New Zealand-US conflict reignites. Proposed law threatens to sink longtime defense treaty with US

New Zealand unveiled its long-awaited legislation banning nuclear-armed and nuclear-powered ships from visiting the country's ports yesterday. The move threatens another crisis between New Zealand and the United States over the future of the 1951 ANZUS defense treaty linking the two countries with Australia.

The Reagan administration has already declared the treaty ``inoperative,'' following New Zealand's refusal early this year to accept a port visit by a US Navy ship because there was no guarantee it was not carrying nuclear weapons.

Reagan administration officials have threatened that the US will terminate its defense commitments to New Zealand if the new law, introduced into parliament yesterday by Prime Minister David Lange, is enacted. (Washington has pledged to retain its defense alliance with Australia.)

Speaking in parliament, Mr. Lange maintained his stance that the bill is antinuclear, not anti-American, and held that it was compatible with New Zealand's obligations under terms of the ANZUS treaty. He said the bill had been carefully drawn up to ensure that the US -- and Britain, which had also criticized it in advance -- were not asked to break their long-standing policies of refusing to confirm or deny whether particular ships are nuclear-armed at any given time.

The bill will make the prime minister responsible for deciding whether any ship may enter New Zealand's ``internal waters,'' having satisfied himself that it is not carrying nuclear weapons.

Deputy Prime Minister Geoffrey Palmer said the legislation would take New Zealand out of ANZUS only if that were the will of the US government.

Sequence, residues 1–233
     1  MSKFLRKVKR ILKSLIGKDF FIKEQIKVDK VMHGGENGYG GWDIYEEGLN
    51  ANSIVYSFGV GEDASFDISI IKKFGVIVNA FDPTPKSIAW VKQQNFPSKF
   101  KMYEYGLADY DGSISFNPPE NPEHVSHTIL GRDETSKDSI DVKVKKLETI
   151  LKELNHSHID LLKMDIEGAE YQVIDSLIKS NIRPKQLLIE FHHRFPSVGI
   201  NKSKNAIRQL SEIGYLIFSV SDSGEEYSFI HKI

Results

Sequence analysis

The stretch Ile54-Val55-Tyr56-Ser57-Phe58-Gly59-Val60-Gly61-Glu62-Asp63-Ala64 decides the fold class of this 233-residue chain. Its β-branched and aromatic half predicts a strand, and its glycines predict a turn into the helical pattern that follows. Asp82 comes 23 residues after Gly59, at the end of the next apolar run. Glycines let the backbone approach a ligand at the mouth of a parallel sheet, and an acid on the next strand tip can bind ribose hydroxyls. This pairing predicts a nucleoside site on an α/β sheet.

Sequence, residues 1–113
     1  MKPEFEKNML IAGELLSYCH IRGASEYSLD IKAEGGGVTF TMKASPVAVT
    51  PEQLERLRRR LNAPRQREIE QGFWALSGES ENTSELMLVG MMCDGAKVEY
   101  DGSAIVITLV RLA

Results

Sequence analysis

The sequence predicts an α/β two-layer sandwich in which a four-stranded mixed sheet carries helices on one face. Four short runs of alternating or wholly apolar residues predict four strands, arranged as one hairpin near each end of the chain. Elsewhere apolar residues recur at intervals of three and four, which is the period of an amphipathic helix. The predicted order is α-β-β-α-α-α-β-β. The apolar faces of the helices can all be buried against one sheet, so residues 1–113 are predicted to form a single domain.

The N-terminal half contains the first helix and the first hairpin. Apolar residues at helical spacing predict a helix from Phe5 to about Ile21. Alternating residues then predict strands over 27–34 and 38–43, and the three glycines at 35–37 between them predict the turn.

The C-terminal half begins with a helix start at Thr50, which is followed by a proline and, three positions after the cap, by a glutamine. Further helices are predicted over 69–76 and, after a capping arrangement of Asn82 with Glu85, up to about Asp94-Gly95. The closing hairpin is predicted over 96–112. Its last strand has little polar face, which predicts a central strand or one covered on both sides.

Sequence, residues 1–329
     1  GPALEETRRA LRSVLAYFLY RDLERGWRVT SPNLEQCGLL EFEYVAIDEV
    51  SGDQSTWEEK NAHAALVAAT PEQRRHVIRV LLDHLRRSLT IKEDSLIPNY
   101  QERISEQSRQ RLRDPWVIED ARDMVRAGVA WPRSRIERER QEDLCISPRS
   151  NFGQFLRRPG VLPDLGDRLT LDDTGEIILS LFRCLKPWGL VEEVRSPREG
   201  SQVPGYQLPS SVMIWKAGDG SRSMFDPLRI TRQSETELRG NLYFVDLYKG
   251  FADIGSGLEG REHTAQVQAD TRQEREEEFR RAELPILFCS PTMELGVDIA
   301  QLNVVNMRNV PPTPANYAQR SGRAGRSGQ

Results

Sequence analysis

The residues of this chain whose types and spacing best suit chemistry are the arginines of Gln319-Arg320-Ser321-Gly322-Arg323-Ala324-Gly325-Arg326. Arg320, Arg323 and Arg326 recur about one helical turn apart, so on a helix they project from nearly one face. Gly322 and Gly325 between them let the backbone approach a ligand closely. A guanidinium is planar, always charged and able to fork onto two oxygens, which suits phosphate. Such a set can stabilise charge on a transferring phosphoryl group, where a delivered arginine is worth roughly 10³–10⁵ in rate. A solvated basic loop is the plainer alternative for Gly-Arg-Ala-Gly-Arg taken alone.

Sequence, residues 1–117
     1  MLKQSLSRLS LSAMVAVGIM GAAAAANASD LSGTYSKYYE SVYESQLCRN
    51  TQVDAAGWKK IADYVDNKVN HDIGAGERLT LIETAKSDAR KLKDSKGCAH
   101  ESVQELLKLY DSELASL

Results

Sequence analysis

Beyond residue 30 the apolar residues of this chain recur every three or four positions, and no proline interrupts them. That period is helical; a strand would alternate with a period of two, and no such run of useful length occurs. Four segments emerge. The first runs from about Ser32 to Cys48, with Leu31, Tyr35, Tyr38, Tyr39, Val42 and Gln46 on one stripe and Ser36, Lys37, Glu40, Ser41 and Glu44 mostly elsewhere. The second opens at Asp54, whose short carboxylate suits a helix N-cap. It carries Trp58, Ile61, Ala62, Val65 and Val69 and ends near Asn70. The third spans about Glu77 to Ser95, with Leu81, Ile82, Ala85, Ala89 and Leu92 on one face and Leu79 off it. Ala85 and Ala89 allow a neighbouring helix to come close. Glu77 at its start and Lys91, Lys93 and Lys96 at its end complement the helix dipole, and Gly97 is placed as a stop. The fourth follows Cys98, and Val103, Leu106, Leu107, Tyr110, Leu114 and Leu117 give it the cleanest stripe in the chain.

Mr. Palmer failed to win US support for the legislation when he visited Washington in September. Last month, the Reagan administration refused to meet with a special New Zealand envoy carrying final details of the bill, saying there was nothing to talk about.

A copy of the legislation, entitled ``New Zealand Nuclear-Free Zone, Disarmament and Arms Control Bill,'' finally went to Washington last week via the US Embassy in Wellington.

There has been no public response from the administration, which sees the bill as the last straw in its long-running row with Lange's Labour government. The government was elected in a landslide in July 1984, after campaigning heavily on its antinuclear policies.

Following the refusal to accept the USS Buchanan early this year, Washington ended formal defense cooperation with New Zealand, pulling out of joint military exercises, cutting the flow of intelligence, and declaring ANZUS inoperative. US officials said freedom for Navy ships to visit New Zealand ports was essential to the alliance.

It is known that the New Zealand government made a number of amendments to the bill before it was introduced in an effort to meet US concerns.

Previous proposals that a decision to allow a port call be made by a committee, acting on independent reports from the Defense Ministry and the government's Intelligence Council, and that the verdict be subject to review by the courts have been dropped.

The US objected to these procedures, fearing that the involvement of so many people would risk leaks that would telegraph the state of a ship's armaments to an enemy. Lange said all along he was prepared to make amendments to satisfy the US -- but the basic antinuclear principles of the bill were inviolate.

The nuclear ship ban is confined to ``internal waters,'' held to mean port visits. There are provisions to allow passage for ``any ship exercising the right of innocent passage (in accordance with international law) through the territorial seas of New Zealand,'' and transit passage through international navigation straits. This means there is nothing to stop US nuclear ships from patroling off the New Zealand coast or passing through the narrow Cook Strait, separating the south and north islands.

Nuclear ship visits account for only a small part of the overall bill, which incorporates the new South Pacific Nuclear-Free Zone Treaty, signed by nine countries in the region, the Limited Test Ban Treaty of 1963 and the nuclear Non-Proliferation Treaty of 1968.

The opposition National Party vowed to repeal the legislation, which was introduced by a vote of 48-30.

Opposition spokesmen said the bill would destroy ANZUS and comfort the Soviets. They described it as the biggest-ever ``left turn'' in foreign policy.

The bill now goes to a parliamentary committee before returning to the full House of Representatives next year.

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